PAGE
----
Don't repeat the mistake on page 847 of The Prayer Book .  Here is what God really requires from the chosen people:

Do justice

A series of essays in the Episcopal Church


On the Importance of Marriage -- by Jack Taylor (Dallas TX)

On the Importance of Marriage

by Jack Taylor (Dallas TX)

I read with interest Father Richard Kew's essay on his second daughter's marriage and congratulate him. I, too, have given away two daughters in marriage and have fine grandchildren as a reward. His reflections on the importance of marriage between a man and a woman gave me pause for reflection too.

Sadly, I was unable to give my third daughter's hand in marriage because her chosen partner was of the same sex, even though they were able to buy a home together and planned to bear a child together through a surrogate father. The home-purchase and child-bearing are perfectly legal in Texas, but not the fulfillment of their love, commitment and devotion through marriage, and, even more sadly for a Church that blesses all sorts of animals every Saint Francis feast day, even a blessing. They are no longer together, although my daughter once told me if they had been allowed to marry, there is no doubt in both their minds they still would be one.

Now before you criticize any fragility of their relationship, think of your own and if you are married, whether you still would be married if you had simply lived together and were unable to wed. Suppose we lived in a society where only landowners were allowed to wed, or where only those who could afford a dowry were allowed to became brides? Or a society that allowed marriage only among those from identical backgrounds? That would have prevented my wife, a Norwegian, and I, of Scots-Irish and Native American background, from marrying 46 years ago.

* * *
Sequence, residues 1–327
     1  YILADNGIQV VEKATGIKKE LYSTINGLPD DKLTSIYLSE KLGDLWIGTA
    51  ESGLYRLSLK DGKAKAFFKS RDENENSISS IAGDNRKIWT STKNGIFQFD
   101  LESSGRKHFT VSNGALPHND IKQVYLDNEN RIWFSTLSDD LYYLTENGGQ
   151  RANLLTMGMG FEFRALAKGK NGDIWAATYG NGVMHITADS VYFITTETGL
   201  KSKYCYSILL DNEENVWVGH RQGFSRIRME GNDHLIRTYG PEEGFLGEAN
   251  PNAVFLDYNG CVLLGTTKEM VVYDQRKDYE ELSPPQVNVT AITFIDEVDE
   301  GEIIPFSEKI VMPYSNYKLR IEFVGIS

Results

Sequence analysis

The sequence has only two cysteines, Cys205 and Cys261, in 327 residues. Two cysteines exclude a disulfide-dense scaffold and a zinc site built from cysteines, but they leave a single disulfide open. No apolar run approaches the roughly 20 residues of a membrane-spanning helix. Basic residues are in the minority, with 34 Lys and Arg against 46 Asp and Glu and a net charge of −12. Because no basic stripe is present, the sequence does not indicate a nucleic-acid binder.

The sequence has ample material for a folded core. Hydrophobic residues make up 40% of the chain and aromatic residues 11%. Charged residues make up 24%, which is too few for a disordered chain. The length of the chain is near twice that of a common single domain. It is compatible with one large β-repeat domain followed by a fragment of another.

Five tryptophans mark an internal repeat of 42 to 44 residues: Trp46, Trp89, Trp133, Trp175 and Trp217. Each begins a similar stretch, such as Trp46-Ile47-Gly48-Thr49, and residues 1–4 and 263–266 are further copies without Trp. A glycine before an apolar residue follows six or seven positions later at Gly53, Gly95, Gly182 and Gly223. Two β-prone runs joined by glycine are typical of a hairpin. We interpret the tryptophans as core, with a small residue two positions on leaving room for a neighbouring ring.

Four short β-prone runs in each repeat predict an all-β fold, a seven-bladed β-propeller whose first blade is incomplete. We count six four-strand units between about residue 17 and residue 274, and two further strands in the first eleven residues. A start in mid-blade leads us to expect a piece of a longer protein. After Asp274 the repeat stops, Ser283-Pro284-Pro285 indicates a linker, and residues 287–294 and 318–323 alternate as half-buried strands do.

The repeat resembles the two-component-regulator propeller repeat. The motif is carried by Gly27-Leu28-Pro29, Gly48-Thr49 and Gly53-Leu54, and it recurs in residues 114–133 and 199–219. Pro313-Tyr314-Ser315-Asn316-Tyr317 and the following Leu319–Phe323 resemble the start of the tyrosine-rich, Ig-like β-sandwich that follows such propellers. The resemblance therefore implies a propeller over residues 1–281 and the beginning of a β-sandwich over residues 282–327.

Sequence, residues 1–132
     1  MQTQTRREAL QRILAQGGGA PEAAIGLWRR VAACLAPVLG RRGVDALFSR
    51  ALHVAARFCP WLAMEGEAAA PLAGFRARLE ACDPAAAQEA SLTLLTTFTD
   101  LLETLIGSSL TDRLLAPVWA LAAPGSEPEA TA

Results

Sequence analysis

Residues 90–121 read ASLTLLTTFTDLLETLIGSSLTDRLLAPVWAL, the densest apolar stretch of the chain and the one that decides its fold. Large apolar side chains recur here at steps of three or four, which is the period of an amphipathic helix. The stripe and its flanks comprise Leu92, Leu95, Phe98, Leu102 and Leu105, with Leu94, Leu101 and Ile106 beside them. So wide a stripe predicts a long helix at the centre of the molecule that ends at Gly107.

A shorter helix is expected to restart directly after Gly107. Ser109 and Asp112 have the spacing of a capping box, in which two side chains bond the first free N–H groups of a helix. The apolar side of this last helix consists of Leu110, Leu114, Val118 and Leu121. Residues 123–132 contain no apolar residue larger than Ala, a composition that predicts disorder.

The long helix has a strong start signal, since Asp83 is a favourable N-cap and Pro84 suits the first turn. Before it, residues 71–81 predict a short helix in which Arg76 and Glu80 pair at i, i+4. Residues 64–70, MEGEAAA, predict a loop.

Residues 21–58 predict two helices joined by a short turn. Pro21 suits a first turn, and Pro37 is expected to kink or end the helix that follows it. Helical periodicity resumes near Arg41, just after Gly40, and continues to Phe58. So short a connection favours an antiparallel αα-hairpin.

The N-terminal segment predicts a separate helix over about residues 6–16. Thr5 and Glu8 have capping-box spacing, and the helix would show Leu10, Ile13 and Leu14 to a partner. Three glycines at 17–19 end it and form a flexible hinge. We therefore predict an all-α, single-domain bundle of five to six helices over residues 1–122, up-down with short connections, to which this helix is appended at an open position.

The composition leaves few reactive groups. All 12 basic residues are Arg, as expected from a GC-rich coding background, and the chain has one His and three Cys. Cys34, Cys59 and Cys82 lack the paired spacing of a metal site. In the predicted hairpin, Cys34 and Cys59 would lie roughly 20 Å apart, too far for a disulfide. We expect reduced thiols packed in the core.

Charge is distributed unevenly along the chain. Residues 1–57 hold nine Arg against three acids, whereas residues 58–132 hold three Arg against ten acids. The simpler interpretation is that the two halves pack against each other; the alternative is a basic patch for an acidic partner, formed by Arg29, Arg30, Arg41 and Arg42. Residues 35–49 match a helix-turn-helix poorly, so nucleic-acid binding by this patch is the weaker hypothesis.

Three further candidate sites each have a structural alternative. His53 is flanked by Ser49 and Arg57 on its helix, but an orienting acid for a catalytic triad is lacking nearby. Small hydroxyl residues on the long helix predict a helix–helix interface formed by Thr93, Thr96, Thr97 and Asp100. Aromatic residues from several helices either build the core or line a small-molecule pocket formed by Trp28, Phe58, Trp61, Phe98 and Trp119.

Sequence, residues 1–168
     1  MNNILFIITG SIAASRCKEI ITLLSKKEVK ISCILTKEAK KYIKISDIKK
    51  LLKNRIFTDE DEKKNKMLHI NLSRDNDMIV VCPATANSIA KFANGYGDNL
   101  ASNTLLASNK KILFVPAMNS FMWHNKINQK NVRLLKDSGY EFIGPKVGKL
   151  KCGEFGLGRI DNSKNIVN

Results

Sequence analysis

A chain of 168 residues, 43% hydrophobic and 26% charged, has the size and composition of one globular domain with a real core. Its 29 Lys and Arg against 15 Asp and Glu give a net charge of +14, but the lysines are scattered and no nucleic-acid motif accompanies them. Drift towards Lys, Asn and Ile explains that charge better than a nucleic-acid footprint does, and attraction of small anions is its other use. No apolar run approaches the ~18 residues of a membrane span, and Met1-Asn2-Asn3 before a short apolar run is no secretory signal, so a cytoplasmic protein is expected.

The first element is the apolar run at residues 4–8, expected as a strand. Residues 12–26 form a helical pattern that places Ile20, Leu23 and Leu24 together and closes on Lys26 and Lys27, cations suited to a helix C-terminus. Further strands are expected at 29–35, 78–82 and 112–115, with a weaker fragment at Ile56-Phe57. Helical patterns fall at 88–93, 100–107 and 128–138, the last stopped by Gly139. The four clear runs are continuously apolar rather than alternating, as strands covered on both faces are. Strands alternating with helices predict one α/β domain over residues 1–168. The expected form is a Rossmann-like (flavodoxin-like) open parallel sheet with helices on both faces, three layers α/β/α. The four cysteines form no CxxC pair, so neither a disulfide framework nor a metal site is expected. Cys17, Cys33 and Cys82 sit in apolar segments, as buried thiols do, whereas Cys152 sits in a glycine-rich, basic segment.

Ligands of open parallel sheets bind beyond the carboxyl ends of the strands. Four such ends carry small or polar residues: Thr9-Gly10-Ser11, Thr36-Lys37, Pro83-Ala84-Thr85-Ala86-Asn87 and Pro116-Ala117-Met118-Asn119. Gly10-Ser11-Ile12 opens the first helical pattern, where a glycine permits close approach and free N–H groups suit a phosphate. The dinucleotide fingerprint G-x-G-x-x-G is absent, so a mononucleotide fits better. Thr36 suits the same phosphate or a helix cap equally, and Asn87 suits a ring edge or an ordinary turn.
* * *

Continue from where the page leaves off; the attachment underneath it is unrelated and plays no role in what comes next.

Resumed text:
That may sound extreme. But think a moment, It wasn't long ago when there were laws that prevented men and women from marrying if they were of different races, and only a little longer ago when African-Americans were required to sit in church balconies and takes communion last. Gays and lesbians are allowed to sit anywhere among the rest of the congregation now, and with rare exceptions are welcome at Christ's table with everyone. But they are not fully accepted at the altar rail when it comes to marriage. That defies Christian logic and Anglican reason. It's as if there was an additional line in Galatians 3:28 that added a caveat beginning "except for".

Many of us in the church and society at large express fear that extending this kind of freedom and equality to gays and lesbians somehow threatens our own families, our children, even the stability of our society. But the greatest threat is not that at all. The greatest threat is the fear and loathing that the perception of such a threat creates among us, not to mention the idea that some of us are better than others and therefore entitled to more rights and privileges. Who among you really believes that and can still claim your Christian love embraces everyone, equally?

Merry Christmas,

Jack Taylor
Dallas


You are welcome to submit your essays for consideration for this series. Send them to lcrew@newark.rutgers.edu Identify yourself by name, snail address, parish, and other connections to the Episcopal Church. Please encourage others to do the same.

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